Ganglioside complexes as new target antigens in Guillain-Barr� syndrome
ABSTRACT Antibodies specific for a complex of gangliosides GD1a and GD1b (GD1a/GD1b) were found in sera from eight of 100 patients with Guillain-Barre syndrome (GBS) by the use of enzyme-linked immunosorbent assay and thin-layer chromatogram immunostaining. Those sera also had antibody activities to such ganglioside complexes as GD1a/GM1, GD1b/GT1b, and GM1/GT1b but had little or no reactivity to the each isolated antigen. Clustered epitopes of the ganglioside complex in the plasma membrane may be targeted by such an antibody, and interaction between the antibody and ganglioside complex may induce the neuropathy.
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- "IgM antibodies against gangliosides, glycolipids that are abundantly expressed in peripheral nerves, are target antigens in some patients with IgM-PNP without anti-MAG antibodies, but prevalence and antibody specificities of these antibodies have only been studied in relatively small groups of patients (Eurelings et al., 2001; Nobile-Orazio et al., 2010; Larue et al., 2011). More recently, antibodies that bind complexes of more than one ganglioside have been identified in patients with Guillain–Barré syndrome (GBS) and chronic immune-mediated neuropathies including one patient with IgM-PNP (Kaida et al., 2004, 2006; Hamaguchi et al., 2007; Kaida et al., 2007, 2008; Kanzaki et al., 2008; Kusunoki et al., 2008; Notturno et al., 2009; Ogawa et al., 2009; Nobile-Orazio et al., 2010) and could represent important additional target antigens in patients with IgM-PNP (Comi et al., 2002). We therefore investigated the presence of antibodies against single gangliosides and their complexes in sera from 54 patients without anti-MAG antibodies from a prospective cohort of 140 patients with polyneuropathy associated with IgM gammopathy (Niermeijer et al., 2010). "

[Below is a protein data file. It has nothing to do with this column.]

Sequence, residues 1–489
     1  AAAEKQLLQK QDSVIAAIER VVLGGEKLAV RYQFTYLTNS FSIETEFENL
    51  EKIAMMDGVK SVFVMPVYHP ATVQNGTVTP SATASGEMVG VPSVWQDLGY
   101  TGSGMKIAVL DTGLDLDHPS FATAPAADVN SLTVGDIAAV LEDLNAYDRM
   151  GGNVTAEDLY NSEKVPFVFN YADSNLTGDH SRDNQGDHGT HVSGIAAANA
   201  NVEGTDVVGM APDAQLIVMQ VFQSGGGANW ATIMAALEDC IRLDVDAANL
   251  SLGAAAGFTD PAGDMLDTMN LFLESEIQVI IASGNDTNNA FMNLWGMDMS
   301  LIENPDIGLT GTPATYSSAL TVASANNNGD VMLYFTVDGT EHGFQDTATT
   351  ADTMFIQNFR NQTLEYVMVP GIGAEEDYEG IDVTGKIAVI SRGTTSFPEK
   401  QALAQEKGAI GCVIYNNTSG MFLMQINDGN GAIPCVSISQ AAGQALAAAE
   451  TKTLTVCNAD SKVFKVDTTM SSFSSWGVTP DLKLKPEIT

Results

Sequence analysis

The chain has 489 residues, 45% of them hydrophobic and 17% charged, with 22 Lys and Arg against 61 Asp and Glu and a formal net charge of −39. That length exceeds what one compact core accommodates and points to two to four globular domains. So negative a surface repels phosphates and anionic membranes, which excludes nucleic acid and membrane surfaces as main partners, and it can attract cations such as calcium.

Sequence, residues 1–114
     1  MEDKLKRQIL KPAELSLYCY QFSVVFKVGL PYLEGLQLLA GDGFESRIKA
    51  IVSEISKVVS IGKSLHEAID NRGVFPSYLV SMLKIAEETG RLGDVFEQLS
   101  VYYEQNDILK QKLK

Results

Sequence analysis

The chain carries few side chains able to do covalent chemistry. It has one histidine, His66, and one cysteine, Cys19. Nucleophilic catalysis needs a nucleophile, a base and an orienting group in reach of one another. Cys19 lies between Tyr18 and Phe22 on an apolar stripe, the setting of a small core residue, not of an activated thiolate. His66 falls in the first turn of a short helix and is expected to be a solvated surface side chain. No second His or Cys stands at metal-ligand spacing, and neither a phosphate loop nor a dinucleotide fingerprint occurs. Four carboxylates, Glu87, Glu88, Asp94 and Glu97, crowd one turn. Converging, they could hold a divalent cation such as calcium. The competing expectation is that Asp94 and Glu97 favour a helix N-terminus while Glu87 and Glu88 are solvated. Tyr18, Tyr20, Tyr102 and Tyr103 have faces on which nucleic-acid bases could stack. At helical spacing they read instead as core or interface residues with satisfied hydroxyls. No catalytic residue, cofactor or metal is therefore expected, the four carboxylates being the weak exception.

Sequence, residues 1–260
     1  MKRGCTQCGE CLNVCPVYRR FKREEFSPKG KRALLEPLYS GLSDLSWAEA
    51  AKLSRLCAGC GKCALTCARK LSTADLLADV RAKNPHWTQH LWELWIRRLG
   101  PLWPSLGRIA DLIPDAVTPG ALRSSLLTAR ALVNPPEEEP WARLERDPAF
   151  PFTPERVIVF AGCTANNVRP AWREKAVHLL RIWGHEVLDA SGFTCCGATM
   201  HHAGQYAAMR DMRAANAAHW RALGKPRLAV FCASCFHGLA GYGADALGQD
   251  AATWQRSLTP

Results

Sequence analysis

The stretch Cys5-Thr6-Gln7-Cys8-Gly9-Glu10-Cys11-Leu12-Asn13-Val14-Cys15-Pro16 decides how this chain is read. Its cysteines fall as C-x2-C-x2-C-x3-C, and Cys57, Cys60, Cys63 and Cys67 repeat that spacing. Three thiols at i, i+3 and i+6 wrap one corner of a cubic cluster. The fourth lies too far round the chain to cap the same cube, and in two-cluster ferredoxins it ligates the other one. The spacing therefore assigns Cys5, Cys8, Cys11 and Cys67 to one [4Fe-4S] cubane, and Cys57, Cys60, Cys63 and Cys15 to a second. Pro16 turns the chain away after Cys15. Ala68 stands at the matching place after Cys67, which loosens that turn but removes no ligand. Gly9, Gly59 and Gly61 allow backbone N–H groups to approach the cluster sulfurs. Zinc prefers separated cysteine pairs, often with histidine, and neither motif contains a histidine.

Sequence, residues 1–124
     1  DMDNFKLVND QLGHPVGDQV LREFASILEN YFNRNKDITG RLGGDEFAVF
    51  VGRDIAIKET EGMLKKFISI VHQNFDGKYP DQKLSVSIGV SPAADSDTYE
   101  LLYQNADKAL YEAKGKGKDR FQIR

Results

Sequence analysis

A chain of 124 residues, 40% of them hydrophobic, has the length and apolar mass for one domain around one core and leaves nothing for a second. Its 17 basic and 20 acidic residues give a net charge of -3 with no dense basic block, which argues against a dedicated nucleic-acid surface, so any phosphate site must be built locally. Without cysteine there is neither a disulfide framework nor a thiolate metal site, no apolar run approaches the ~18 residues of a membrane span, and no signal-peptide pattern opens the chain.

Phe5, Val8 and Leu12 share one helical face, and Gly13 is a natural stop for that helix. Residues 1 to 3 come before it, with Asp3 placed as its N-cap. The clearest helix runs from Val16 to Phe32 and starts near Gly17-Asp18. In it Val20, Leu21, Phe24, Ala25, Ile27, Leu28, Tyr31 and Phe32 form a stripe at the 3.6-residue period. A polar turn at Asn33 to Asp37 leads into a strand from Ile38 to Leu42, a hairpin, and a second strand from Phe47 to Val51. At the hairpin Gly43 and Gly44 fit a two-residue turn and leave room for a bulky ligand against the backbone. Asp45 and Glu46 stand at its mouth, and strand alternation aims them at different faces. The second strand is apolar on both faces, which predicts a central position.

ABSTRACT: IgM antibodies against gangliosides and their complexes were studied in sera from 54 patients with polyneuropathy and IgM monoclonal gammopathy (IgM-PNP) without anti-MAG antibodies. Anti-ganglioside antibodies were found in 19 (35%) patients. Five (9%) patients had antibodies against ganglioside complexes. IgM antibodies against gangliosides activated complement in vitro. Light chain usage was restricted to kappa or lambda in most, but not all patients. In conclusion, anti-ganglioside antibodies in IgM-PNP are common, display pathogenic properties and do not always arise from a monoclonal B cell proliferation.Journal of neuroimmunology 03/2014; DOI:10.1016/j.jneuroim.2014.01.012 · 2.79 Impact Factor